A Dauphin County judge has ordered four defendants to pay millions of dollars to the former owners of H*MAC, ruling that they were defamed in online comments.
Last week, Judge John McNally awarded about $4.7 million in combined damages to former H*MAC co-owner John Traynor and the former controlling partnership of Bartlett, Traynor & London (BTL).
In his opinion, McNally agreed with the plaintiffs that the online news blog, YC News Network, and three individuals, Nikolaos Hatziefstathiou, Travis Wilber and Shawn Cooper, “acted with actual malice” and defamed both Traynor personally and the H*MAC partnership as an entity.
The three were responsible, McNally wrote, for online posts and a YC News blog that claimed a link between H*MAC, a 34,000-square-foot arts and dining venue in Midtown Harrisburg, and criminal allegations that later proved to be false.
“YC News Network, Shawn Cooper, Nikolaos Hatziefstathiou and Travis Wilber are liable for the damage BTL suffered,” McNally wrote in his opinion.
That damage, according to McNally’s opinion, included a loss in business, a devaluation of H*MAC’s real estate and problems booking performers due to a firestorm of bad publicity that followed the false claims.
McNally ordered the defendants to pay nearly $3.2 million in compensatory damages for actual losses incurred by H*MAC and $1.2 million to Traynor for “loss of investment” in H*MAC.
Furthermore, McNally awarded Traynor $250,000 for “damage to his reputation” and ordered each defendant to pay $25,000 in punitive damages.
He also ordered the defendants to remove two stories from YC News Network.
“Let this case be a cautionary tale—you can indeed be held liable for lying and posting false information on social media,” Traynor said. “It’s also an example of what sort of harm that social media can do to a business.”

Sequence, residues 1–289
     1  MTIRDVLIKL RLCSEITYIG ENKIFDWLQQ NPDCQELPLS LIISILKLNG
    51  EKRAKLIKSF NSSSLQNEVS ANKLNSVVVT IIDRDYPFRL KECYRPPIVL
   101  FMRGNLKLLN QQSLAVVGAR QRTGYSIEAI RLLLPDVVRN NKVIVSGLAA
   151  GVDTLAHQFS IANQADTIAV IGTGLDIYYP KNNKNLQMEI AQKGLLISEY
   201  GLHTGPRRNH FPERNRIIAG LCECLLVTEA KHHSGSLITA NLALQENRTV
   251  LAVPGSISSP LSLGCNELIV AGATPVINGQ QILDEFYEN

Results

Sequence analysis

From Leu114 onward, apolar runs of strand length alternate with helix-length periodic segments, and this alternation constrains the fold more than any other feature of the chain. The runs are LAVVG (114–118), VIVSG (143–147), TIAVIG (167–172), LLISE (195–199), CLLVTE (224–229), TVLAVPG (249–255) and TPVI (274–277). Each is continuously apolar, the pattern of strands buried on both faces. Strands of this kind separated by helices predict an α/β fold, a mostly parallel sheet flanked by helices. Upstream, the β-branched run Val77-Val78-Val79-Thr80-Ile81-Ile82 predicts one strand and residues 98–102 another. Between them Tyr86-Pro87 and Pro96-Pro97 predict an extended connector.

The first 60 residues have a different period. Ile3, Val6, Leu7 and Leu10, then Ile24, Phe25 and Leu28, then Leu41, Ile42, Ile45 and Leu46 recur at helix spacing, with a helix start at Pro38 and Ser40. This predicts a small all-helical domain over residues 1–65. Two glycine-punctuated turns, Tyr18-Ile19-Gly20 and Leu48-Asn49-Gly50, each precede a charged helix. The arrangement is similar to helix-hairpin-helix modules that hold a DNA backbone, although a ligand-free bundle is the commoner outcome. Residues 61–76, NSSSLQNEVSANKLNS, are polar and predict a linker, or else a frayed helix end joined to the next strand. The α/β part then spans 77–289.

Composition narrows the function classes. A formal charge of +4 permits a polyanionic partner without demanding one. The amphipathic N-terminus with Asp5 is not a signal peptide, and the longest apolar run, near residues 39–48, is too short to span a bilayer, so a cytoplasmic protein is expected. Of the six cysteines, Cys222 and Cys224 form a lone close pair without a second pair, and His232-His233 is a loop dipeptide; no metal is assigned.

In July 2018, Philadelphia-based YC News published a story alleging criminal conduct at H*MAC, under the headline, “Harrisburg club under fire after women allege security helped men who drugged and raped them.”
That story followed an allegation by a woman who claimed that H*MAC staff failed to recognize her as a victim of date rape drugs and asked her to exit the bar, leaving her vulnerable to a subsequent sexual assault. Harrisburg police later cleared H*MAC of any responsibility in the case.
Following the woman’s claim, unproven, and ultimately, defamatory allegations against H*MAC were posted on several social media sites, some of which included the YC News story.
That December, Traynor and H*MAC filed a civil lawsuit against more than a dozen people, claiming defamation and tortious interference of business relationships.
Most of the defendants since settled with the plaintiffs, which included retracting their comments and writing letters of apology, according to Traynor. The woman who made the original rape allegation also retracted her claim that implicated H*MAC.
In September 2018, H*MAC filed for Chapter 11 bankruptcy and later sold the sprawling venue for $6 million to a new partnership. Following an extended pandemic-related shutdown, H*MAC recently began to book a full schedule of music and entertainment and is reopening its restaurant this week under a new concept with a menu based on barbecue and soul food dishes.
“The malicious way we were targeted was just awful,” Traynor said. “I’m glad that we can move on and move past it.”
Correction: A previous version of this story stated that Nikolaos Hatziefstathiou, Travis Wilber and Shawn Cooper were employees of YC News. Nikolaos Hatziefstathiou and Shawn Cooper were employees of YC News, but Travis Wilber was not.
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